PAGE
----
It’s Dario Saric Time: Saric Handed Keys to 76ers Season

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in action during the 2015-2016 Turkish Airlines Euroleague Basketball Top 16 Round 11 game between Anadolu Efes Istanbul v Cedevita Zagreb at Abdi Ipekci Arena on March 18, 2016 in Istanbul, Turkey.

Joel Embiid and Ben Simmons are injured and out for the season. Ersan Ilyasova and Nerlens Noel are gone, having been traded at the deadline.

It’s Dario Saric Time.

Colangelo Trusting the Process

Trusting the Process is not easy. 

“The Process” for the Philadelphia 76ers appeared to be turning the corner from a complete tank job toward a playoff contender. Then, less than a week after the Sixers announced that Ben Simmons would not be able to suit up for his first year in the league, they also announced on Wednesday that Joel Embiid’s knee injury will keep him out for the rest of the season.

Philadelphia’s setbacks were evident in the team’s lackluster display against the Miami Heat on Wednesday night, as the team seems to be back in rebuilding (and tanking) mode.

President of Basketball Operations Bryan Colangelo seems to be making the same kind of decisions that former General Manager and tanking master Sam Hinkie was making.

“Our primary objective and focus remains to protect [Embiid’s] long-term health and ability to perform on the basketball court,” Colangelo said.

Being conservative when bringing players back from injury was a staple of Hinkie’s decisions when he was at the helm. Prime examples like Jahlil Okafor, Noel, and Embiid in his first two seasons come to mind.

Thinking Long-term

The trades Colangelo made have certainly taken the team’s long-term future into account. Flipping the expiring contracts of Ilyasova and Noel for a conditional first-round draft pick, a second-rounder, Justin Anderson, and Tiago Splitter puts an emphasis on younger prospects.

“Remember one thing that I’ve said often: we’re going to do this with measured steps. We don’t want to race out and do something to put ourselves in a position to lose the opportunity we have right in front of us,” Colangelo said. “I think the opportunity is enormous, and I think that if we handle this the right way, we’re going to be very happy, and I think the fans will be very happy.”

Not only is he keeping in mind the long-term future of the team, but is also putting a lot of weight on the shoulders of one Dario Saric.

The End of Embiid’s Season

Embiid last played with a knee brace on Jan. 27 in his nationally televised duel with James Harden’s Houston Rockets. This came a week after injuring his knee against the Portland Trail Blazers.

Team doctors first diagnosed Embiid with a minor meniscus tear, but it appears that the meniscus tear is more serious than originally thought. However, the bone bruising in the knee has improved, according to Embiid’s MRI.

After only appearing in 31 games, it is unlikely that Embiid will win the Rookie of the Year award. His averages of 20.2 points and 7.8 rebounds in just 25 minutes per game had put him head and shoulders above other rookies.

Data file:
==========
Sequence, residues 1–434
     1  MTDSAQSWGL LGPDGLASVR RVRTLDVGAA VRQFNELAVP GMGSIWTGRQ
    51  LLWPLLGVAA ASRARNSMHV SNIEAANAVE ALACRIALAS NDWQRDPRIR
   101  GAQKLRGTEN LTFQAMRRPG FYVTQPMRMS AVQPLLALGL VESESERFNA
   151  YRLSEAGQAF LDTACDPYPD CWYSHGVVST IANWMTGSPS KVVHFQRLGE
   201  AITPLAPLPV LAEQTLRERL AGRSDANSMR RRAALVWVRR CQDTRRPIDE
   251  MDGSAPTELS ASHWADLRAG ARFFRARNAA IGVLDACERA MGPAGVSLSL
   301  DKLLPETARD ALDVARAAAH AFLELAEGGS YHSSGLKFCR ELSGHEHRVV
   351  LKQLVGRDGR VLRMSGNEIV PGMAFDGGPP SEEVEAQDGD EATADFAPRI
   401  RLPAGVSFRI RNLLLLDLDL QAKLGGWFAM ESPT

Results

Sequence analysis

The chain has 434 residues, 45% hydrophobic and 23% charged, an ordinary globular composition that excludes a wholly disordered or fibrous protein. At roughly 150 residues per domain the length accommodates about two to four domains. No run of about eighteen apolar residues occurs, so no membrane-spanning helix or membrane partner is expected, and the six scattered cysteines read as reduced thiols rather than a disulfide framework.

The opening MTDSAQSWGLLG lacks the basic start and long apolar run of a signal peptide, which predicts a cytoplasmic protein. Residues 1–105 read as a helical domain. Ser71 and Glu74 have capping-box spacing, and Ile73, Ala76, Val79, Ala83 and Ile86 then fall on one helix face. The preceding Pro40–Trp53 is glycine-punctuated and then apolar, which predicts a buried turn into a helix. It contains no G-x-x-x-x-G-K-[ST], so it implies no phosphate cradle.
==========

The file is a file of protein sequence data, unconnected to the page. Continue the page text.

Fortunately, Philadelphia also has the second-best rookie.

Dario’s Time to Shine

Trade deadline moves and this conservative medical update show just how much faith the Sixers have in Dario Saric. Without Ilyasova in the lineup, Saric’s floor spacing has pushed him into the starting five. Meanwhile, without the offense running through Embiid, Saric provides a shooting touch and toughness.

Saric has been second among rookies with averages of 11.3 points and 6.2 rebounds per game. Since Feb. 2, Saric has averaged about 18 points and 8 rebounds per game. He’s the only 76er to play all 59 games this season, showing his toughness and durability. He is now surely the frontrunner for Rookie of the Year with Embiid out of the mix. 

However, the Sixers offense will not have to rely on Saric, just like it has not relied on Embiid for the last month and a half.

Brett Brown’s Offense

Head Coach Brett Brown has implemented a San Antonio Spurs-like offense that has earned Philadelphia more wins than its roster would seem to merit. Working with Gregg Popovich from 2002 through 2013 on the Spurs’ bench, Brown’s coaching is influenced by one of the greats.

“It’s one of the joys in my life to watch them win games,” Popovich said about the 76ers to ESPN. “If anyone deserves it, it’s them.”

In multiple post-game press conferences, Brown has articulated his desire for constant ball movement. His “three seconds” rule gives players three seconds to either shoot, drive, or pass.

This kind of ball movement has propelled Philadelphia to ninth in the league in assists per game. Whether it’s a T.J. McConnell pick-and-roll or a fastbreak after a defensive stop, the Sixers’ offense has done much more recently due to Brown’s coaching, despite having much less than it had at the start of the season.

With the offense clicking on all cylinders, more draft picks acquired from trades (including multiple potential high picks), and Dario Saric poised to win ROY, it’s a good time for Sixers fans to trust the Process.

 

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